Change the way you look at mistakes | Ask questions to uncover sales opportunities | 3 ways to handle the next bout of severe weather
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March 8, 2013
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Change the way you look at mistakes
It's important to treat employees as experts, trust them to do the right thing and ask questions instead of making assumptions, writes Josh Patrick of Stage 2 Planning Partners. For this approach to work, leaders must accept the fact that their employees will occasionally make mistakes. "Instead of thinking of mistakes as problems, we started thinking of them as learning opportunities," Patrick writes. The New York Times (tiered subscription model)/You're the Boss blog (3/7)
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5 ways to deal with difficult customers
When customers get angry, turn the negative situation into a positive one by thanking them for calling attention to problems with your service, Monika Jansen writes. Avoid getting defensive and try to see things through their perspective. (3/7)
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Ask questions to uncover sales opportunities
Focus on asking questions to determine whether sales prospects have potential as a customer. Keep asking questions to determine whether a prospect will be interested in buying your product, Roger Daugherty writes. You might have an opportunity to make a sale if the prospect is unhappy with his or her current supplier. But even the prospect is satisfied for the moment, there might be opportunities in the future. "Often when a customer says 'I don't need this,' she may really mean 'I don't need this right now,'" he writes. SCORE Small Business Success Blog (3/7)
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3 ways to handle the next bout of severe weather
Severe weather events can be disruptive for your business and confusing for employees, so it's important to create policies that explain how they will be handled, writes Deborah Sweeney. Employers should show their appreciation for their staff on these challenging occasions, and they may want to consider allowing some employees to work from home. Forbes (3/7)
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How to keep your small business' books in order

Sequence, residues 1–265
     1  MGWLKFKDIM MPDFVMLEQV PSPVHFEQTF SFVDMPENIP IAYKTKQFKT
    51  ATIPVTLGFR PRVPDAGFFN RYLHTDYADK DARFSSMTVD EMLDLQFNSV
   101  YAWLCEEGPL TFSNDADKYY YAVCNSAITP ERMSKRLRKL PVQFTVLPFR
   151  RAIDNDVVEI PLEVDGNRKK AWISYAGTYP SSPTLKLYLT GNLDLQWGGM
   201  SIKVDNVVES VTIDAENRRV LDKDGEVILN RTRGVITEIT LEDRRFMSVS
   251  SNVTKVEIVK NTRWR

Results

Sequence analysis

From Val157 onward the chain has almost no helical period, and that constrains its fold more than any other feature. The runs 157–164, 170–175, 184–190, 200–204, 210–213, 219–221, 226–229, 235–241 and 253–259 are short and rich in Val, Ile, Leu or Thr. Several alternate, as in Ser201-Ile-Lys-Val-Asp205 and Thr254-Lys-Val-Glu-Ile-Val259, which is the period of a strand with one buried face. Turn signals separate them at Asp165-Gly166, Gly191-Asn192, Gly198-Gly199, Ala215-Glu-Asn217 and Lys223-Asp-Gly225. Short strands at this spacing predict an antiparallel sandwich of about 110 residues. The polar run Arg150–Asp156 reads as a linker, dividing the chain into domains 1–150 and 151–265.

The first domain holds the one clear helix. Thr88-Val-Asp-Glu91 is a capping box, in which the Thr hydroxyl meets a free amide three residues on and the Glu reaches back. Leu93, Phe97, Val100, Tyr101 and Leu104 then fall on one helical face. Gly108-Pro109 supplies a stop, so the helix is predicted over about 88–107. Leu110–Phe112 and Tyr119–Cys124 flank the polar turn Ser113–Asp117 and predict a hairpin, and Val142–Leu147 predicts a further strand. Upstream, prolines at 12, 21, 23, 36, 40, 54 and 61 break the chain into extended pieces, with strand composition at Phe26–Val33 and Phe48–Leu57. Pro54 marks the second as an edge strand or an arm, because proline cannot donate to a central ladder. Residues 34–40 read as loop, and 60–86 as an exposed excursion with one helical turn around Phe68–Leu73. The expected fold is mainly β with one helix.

Keeping track of the books can be a pain, but it'll be easier if you keep personal and business transactions separate, hire a professional and dedicate just a few minutes a week to organizing financial details, writes Kirk Simpson, CEO of Wave Accounting. "You'll have more insights into your business, be able to make more informed financial decisions and have everything organized when tax time approaches," he writes. The Globe and Mail (Toronto) (tiered subscription model) (3/7)
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Apps that help track your expenses
A number of mobile applications are available to help you track your expenses -- a practice that can help you write them off on your taxes, Kathryn Hawkins writes. She suggests four helpful apps: Mint, Shoeboxed, MileBug and Expensify. Intuit Small Business Blog (3/7)
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Tips & Tools
Where to go to learn more about social media
LinkedIn Groups, Quora and WikiAnswers are good places to go when you have questions about social media. Alltop and Technorati can help you stay on top of social media trends, and Google Reader and Evernote can help you stay organized as you do social media research. Small Business Trends (3/7)
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Just for Fun
What would you do with 1,426 unimaginable fortunes?
There are 1,426 billionaires on Forbes' latest list, with a combined net worth of $5.4 trillion. If they used their collective wealth to form a country, it would be the forth-richest nation in the world, ahead of Germany and only narrowly behind Japan. Forbes (3/4)
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Editor's Note
Help SmartBrief cover SXSW Interactive!
SmartBrief will cover the South by Southwest Interactive Festival in Austin, Texas, from March 8 to 12, and we need your help! SXSW has way too many must-see events for our staff to cover, so we're turning to our readers to help document the best panels as blog contributors. If you're headed to Austin and want to contribute to SmartBrief's blogs on Social Media, Leadership, Finance, Food and Beverage or Education, check out our guest-post guidelines and send a note to Jesse Stanchak.
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[Y]ou won't lose a sale by asking too many questions or learning too much about a customer."
-- Roger Daugherty, a SCORE mentor, writing at the SCORE Small Business Success Blog.
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